Via Ken Pope: The American Psychiatric Association’s Psychiatric News (vol. 43, #7, April 4) includes an article: “Depression, Heart Disease: A Curiously Strong Relationship”. Here are a few extracts from an intriguing article that looks into what is a relatively new finding about the relationships between these two diseases:
Over the past several years, research findings have increasingly demonstrated that the co-occurrence of depression and heart disease has an impact considerably greater than the comorbidity of two common medical disorders.
There is an unusually high prevalence rate of major depression in patients with coronary artery disease (CAD), far higher than in the population as a whole. The decrease in life expectancy in depressed patients compared with that of the general population is, in part, attributable to an increased risk for death secondary to cardiovascular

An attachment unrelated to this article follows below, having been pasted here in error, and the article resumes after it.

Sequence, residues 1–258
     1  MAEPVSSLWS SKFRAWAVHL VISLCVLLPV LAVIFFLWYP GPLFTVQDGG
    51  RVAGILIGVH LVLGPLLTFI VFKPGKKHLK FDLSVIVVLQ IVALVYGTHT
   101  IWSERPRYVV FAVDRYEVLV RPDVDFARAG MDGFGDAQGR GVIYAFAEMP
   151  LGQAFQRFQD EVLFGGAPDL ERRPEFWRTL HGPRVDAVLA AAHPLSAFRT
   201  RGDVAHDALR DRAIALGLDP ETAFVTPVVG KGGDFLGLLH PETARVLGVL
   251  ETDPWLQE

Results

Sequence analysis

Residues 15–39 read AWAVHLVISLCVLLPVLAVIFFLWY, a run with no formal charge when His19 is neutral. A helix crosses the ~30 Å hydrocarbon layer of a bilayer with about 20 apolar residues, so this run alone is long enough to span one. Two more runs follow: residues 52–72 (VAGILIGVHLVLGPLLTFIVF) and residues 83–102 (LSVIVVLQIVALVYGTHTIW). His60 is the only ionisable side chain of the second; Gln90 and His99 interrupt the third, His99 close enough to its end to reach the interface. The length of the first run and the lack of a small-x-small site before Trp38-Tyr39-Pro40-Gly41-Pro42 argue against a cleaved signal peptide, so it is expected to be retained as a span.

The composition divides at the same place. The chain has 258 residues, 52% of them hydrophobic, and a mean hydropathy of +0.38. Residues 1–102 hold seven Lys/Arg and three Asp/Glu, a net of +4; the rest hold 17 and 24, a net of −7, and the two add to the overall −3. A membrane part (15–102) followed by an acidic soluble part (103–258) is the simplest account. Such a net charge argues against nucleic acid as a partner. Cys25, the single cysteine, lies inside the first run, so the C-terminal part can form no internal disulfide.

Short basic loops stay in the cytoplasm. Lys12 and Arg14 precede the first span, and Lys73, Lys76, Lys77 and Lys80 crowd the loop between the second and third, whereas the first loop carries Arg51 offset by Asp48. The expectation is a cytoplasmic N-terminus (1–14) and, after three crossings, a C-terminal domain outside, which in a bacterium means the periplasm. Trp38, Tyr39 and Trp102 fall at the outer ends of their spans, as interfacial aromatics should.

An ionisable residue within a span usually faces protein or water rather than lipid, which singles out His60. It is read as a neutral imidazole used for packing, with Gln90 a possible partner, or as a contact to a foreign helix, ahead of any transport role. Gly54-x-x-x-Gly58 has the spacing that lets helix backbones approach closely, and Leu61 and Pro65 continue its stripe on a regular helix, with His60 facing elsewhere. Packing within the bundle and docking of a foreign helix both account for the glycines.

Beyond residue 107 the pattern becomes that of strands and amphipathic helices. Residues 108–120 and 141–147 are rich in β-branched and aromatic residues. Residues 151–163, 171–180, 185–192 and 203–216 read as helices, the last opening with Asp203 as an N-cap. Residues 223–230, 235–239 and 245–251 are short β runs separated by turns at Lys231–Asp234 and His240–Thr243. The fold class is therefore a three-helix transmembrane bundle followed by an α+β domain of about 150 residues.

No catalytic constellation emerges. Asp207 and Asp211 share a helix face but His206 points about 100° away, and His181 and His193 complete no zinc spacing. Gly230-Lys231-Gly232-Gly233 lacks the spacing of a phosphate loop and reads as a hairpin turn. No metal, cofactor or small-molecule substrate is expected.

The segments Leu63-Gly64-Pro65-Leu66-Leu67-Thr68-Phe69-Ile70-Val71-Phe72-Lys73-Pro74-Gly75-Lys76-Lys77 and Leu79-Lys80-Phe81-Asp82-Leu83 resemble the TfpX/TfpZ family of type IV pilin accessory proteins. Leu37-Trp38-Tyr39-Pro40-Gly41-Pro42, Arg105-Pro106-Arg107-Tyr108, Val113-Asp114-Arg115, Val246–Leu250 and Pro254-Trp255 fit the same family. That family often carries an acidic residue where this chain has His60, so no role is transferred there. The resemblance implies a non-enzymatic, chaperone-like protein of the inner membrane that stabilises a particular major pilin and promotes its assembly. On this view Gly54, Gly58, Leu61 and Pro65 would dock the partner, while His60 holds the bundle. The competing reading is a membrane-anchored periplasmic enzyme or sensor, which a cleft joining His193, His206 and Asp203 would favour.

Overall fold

Further, patients with major depression are far more likely to die after a myocardial infarction (MI) than are patients with equal cardiac morbidity without major depression.
There is now a well-documented, positive correlation between depression symptom severity and cardiovascular morbidity and mortality. The more severe the depression, the higher the likelihood of developing cardiovascular disease and dying post-MI.
Both disorders have an immense impact on individuals and families. Depressed patients are at risk for cardiovascular and cerebrovascular disease, requiring careful monitoring and early intervention. Similarly, patients with cardiovascular disease should be screened for depression.
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Kalea Chapman, Psy.D.